In addition, my client notes that there should be someone on this end to handle Customs clearance and any associated items that might arise, such as port fees, dock fees, and bonds. Also, there is always the possibility of a dock strike. My client notes that in a case like this you can sometimes divert the load to another port, but you really need to be watching the process closely (from your end, in this country) to ensure successful delivery.

A Response from My Client

Prior to completing this blog article, I contacted my client for her input. She noted that in spite of the challenges, she has successfully printed overseas for six years. In that time she has not had any problems dealing directly with the printer.

She had also mentioned challenges with color proofs with one book. She notes that in this case she received immediate and continuing help from her Chinese printer (and even from one of the owners of the printing plant) until all issues had been resolved and there was a plan in place to successfully proceed with printing the book. She was especially pleased with the smooth collaboration.

To quote from my client, Sandy Phillips, an Ocean City, MD, publisher, “While there are a number of moving pieces regarding printing overseas and the potential for things to go wrong, with the number of hands your job passes through, a carefully executed plan can yield excellent results.”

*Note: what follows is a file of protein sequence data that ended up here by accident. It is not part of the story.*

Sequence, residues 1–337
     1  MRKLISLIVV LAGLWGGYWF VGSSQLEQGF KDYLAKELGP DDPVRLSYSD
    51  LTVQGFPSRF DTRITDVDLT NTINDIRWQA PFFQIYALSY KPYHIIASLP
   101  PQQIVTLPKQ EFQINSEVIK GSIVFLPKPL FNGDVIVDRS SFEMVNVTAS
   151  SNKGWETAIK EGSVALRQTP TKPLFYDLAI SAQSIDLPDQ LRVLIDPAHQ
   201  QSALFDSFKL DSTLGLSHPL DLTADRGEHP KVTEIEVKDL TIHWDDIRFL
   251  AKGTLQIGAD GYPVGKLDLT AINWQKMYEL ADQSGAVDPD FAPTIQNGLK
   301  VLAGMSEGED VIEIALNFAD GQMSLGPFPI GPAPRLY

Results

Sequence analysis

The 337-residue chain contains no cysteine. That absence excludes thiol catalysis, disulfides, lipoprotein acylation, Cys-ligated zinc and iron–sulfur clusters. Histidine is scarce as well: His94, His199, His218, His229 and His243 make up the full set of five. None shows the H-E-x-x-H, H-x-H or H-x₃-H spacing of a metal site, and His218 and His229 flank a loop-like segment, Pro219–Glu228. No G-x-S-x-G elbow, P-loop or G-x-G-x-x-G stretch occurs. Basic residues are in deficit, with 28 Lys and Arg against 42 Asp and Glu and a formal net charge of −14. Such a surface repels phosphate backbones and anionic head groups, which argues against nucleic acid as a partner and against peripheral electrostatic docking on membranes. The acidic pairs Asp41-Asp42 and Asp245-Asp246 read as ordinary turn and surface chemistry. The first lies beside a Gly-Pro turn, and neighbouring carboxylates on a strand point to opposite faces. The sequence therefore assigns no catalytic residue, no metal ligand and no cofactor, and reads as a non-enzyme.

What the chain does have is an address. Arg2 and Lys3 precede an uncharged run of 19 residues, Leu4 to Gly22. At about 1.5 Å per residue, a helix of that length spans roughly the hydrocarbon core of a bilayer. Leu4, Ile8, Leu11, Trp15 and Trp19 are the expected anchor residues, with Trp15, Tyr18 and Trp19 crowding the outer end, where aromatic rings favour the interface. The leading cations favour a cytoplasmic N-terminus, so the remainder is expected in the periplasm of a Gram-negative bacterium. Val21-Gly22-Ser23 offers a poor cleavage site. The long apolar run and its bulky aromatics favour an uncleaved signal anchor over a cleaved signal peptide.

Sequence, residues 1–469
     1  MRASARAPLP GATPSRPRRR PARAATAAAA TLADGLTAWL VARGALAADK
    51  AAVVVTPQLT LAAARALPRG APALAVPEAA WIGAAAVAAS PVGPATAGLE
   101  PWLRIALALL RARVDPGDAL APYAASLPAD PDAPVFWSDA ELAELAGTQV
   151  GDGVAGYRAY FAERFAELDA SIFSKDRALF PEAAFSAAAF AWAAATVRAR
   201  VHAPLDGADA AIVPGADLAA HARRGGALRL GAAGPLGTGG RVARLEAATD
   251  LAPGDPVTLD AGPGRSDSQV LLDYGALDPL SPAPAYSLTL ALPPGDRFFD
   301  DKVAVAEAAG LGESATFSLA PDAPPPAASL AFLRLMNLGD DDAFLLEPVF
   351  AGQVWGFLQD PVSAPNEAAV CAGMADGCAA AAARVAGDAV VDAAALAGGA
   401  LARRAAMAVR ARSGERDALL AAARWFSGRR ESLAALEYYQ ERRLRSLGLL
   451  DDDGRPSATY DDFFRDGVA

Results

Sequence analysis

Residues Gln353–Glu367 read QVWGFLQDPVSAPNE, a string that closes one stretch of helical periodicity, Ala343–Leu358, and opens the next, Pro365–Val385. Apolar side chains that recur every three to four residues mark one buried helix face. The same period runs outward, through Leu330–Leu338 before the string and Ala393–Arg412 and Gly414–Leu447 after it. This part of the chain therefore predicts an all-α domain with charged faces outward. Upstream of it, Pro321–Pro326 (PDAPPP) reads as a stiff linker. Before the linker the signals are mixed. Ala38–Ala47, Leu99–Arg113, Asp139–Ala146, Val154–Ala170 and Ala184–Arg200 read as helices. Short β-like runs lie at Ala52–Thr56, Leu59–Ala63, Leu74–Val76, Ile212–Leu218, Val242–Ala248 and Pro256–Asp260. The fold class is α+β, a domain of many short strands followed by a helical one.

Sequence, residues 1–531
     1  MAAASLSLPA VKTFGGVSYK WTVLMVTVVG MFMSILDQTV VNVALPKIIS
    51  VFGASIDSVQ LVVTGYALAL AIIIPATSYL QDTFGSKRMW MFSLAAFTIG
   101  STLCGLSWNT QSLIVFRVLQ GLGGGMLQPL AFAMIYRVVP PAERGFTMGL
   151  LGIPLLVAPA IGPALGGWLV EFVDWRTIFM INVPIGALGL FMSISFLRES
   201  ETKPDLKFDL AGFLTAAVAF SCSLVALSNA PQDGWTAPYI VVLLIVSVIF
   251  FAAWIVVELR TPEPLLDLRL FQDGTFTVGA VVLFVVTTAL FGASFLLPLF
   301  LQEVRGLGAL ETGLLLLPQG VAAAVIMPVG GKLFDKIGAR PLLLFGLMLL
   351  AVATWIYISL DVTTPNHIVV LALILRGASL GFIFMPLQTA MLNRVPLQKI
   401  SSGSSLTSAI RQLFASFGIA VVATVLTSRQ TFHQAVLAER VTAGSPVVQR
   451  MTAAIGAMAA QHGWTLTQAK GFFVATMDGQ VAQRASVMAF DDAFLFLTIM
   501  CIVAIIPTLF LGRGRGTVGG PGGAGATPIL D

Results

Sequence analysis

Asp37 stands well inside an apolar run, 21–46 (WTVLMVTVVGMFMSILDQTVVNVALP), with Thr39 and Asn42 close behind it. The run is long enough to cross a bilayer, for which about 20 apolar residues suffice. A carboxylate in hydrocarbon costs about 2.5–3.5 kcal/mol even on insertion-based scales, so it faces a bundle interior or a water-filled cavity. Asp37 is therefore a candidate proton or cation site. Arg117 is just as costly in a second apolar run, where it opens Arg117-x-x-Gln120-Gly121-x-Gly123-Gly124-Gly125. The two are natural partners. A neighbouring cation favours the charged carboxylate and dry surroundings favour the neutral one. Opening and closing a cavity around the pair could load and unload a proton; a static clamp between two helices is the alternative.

The Take-Away

By no means would I encourage you to not print your book in Asia. My personal experience of producing catalogs in Canada was much simpler. At the time the exchange rate was good, and the Canadian printer made the whole process easy. I would be comfortable printing in Canada again.

But Asia is farther away, and there are more areas in which you must become fluent. You need to understand the intricacies of importation (all elements of the process plus the costs) or have a trusted agent to handle these for you.

You need to understand the overall price and the overall schedule, not just the manufacturing price the printer quotes and the production schedule prior to the ship date.

And you need to closely monitor the entire process.

All of this is a completely separate arena of commercial printing that goes far beyond presses and inksets. But it doesn’t really matter how great the custom printing job is if you can’t get the print books to your client in good condition.

In this particular case, the more you know about international trade and the import/export business, the better able you will be to ensure your success.